Professor Heather Clark, from America, is currently editing her new biography of the poet and novelist, due out in 2020, which will be titled 'Sylvia Plath: The Light of the Mind'

AMERICAN-born Sylvia Plath was one of the most important authors of the 20th century, but the narrative of her life and legacy has been shrouded by the breakdown of her marriage to Ted Hughes and subsequent suicide.  A new biography by a University of Huddersfield professor, who is established as a leading Plath scholar, will lift the shadows.

She is also taking on the considerable challenge of encouraging Americans to study the work of Hughes, widely regarded as a pariah in the USA, because of the fate of Plath.

Heather Clark, who has held academic posts in her native America, has been appointed Professor of Contemporary Poetry at Huddersfield, which is home to the Ted Hughes Network and an archive of important material relating to the Calder Valley-born poet, who married Sylvia Plath in 1956.

Professor Clark is supervising PhD researchers who are investigating aspects of Plath’s life and work, and she is in the editing stages of her biography of the poet and novelist, who died in 1963.  Due out in 2020, the book is to be titled Sylvia Plath: The Light of the Mind and will be the first full scholarly study of the writer.

“There have been a lot of biographies of Plath.  But most of them – the one’s that sell the most copies! – tend to pathologise her,” said Professor Clark.  

“Her suicide and mental illness come to the forefront of the story.  In fact, a couple of these biographies start with her suicide, but if you do that you are reading her life backwards.  

“I am reading her life forwards, by concentrating on her development and what made her the writer she became, placing the  - focus on her literary contribution.  

“She was one of the best writers of the 20th century and she deserves to be remembered for her poems rather than gassing herself in her kitchen.”

Sylvia Plath and Ted Hughes Sylvia Plath and Ted Hughes

Sylvia Plath and Ted Hughes

Professor Clark is already the author of the acclaimed The Grief of Influence: Sylvia Plath and Ted Hughes.  Published in 2010, it has been described as a “landmark” study, and one of its themes is how the two writers were important sounding boards for each other’s work.

“If you go into the archives, it’s fascinating to see Hughes’s poems with Plath’s handwriting and Plath’s poems with Hughes’s.  They wrote on the back of each other’s works and brainstormed each other.”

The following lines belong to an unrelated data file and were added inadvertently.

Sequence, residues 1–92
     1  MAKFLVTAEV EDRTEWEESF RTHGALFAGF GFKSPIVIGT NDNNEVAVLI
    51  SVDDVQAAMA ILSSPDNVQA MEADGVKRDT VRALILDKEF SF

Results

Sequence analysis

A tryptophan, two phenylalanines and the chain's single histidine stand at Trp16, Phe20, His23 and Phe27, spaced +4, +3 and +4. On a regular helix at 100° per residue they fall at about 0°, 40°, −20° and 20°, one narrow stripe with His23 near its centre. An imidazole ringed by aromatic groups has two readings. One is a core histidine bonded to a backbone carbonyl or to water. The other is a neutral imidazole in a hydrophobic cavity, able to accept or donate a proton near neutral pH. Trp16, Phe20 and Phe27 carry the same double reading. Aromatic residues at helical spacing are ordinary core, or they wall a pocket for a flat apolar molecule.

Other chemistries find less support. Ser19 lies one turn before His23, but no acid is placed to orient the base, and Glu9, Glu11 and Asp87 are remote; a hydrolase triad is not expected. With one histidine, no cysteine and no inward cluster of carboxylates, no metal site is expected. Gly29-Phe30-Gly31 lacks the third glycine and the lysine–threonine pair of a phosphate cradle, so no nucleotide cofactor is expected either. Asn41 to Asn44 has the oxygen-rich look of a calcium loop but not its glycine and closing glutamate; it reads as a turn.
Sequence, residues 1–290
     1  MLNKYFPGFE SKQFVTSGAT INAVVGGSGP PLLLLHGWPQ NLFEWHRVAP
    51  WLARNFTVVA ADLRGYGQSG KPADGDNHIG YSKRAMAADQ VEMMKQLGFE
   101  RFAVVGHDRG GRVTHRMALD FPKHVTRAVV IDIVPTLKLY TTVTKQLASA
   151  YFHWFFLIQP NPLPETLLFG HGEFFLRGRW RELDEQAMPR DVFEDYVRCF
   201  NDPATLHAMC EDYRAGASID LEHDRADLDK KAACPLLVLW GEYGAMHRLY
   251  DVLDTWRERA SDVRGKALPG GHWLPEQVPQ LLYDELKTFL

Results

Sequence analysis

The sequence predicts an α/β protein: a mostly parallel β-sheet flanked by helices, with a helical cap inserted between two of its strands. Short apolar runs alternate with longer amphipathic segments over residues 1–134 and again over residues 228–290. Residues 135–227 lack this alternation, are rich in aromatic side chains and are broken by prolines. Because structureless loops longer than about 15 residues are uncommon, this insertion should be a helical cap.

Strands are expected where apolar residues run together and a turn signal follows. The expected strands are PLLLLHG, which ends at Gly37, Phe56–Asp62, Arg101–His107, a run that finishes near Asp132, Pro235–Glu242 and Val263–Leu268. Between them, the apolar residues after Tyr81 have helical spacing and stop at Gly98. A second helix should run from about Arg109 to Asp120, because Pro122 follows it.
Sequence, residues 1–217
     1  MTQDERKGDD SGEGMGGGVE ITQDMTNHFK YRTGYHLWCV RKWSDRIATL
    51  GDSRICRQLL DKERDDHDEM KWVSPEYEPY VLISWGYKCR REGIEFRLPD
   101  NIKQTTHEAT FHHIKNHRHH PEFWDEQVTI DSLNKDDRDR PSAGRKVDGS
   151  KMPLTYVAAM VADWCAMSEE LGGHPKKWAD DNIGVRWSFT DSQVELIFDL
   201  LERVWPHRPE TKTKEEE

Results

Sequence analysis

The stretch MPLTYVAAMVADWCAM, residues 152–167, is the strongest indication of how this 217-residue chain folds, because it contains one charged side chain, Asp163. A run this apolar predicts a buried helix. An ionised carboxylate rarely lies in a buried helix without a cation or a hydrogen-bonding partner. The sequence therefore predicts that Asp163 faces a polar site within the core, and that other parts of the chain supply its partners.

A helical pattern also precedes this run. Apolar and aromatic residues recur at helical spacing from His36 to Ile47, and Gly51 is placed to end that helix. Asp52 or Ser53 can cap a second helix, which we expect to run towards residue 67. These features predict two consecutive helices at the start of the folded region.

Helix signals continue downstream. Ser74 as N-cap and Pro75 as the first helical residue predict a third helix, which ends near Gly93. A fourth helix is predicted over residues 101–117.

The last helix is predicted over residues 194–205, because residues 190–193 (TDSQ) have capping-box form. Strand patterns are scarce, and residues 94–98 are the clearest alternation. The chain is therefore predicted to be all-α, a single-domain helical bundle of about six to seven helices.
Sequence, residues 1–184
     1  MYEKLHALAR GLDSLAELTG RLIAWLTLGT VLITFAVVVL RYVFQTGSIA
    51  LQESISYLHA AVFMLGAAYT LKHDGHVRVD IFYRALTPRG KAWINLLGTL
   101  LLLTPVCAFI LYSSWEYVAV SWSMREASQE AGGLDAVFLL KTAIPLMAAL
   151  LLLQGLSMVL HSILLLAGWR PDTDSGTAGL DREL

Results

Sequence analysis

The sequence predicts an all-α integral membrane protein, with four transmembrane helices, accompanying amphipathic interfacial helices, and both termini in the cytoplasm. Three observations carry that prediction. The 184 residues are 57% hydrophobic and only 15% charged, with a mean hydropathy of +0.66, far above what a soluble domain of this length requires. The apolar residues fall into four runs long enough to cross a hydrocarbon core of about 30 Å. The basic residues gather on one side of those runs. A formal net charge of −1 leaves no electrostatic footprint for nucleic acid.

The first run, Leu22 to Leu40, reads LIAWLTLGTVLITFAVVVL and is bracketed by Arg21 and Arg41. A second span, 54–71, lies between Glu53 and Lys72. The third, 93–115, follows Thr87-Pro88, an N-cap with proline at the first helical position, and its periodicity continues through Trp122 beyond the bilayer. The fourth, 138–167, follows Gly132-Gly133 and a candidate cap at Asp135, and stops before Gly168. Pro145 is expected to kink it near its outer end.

More controversially, Professor Clark has shown that in its early stages, the two poets had what was, for the period, a highly-progressive marriage, with Ted Hughes taking on his share of child care.

“Things eventually fell apart at the end in a very bad way, but in my biography I argue that this was an important partnership.  It’s too easy to say that it was bad for Sylvia’s art.

“Hughes initially had the greater influence on her work but over time, even after she died, his work moved towards what Plath’s was aiming for,” said Professor Clark.  “It’s too simple to see them as warring factions.  Neither of them liked ‘The Movement’ of the 1950s that didn’t deal with the realities of post-war life.  They wanted to change Anglo-American poetry and do it together.”

Ted Hughes Network

Although Ted Hughes – who was Poet Laureate from 1984 to his death in 1998 – went on to have considerable success, the fate of his first wife had a considerable impact on his reputation, particularly in Sylvia Plath’s homeland, which Hughes was eventually forced to stop visiting.

“His work isn’t taught much in America, where the narrative of Hughes as a monster has taken hold in a powerful way,” said Professor Clark.  “This is a shame because it means that people aren’t reading his work as much – and they need to read his work.”

Therefore, Professor Clark is to organise a symposium dedicated to Ted Hughes that will take place in 2020 at Emory University, in Atlanta, Georgia.

Also an expert on contemporary Irish poetry, Professor Clark describes her appointment at Huddersfield as a “dream come true”, not only because of the activities of the Ted Hughes Network but also because she has easy access to many of the places and landscapes that helped to shape the Yorkshire-born Laureate’s poetic vision.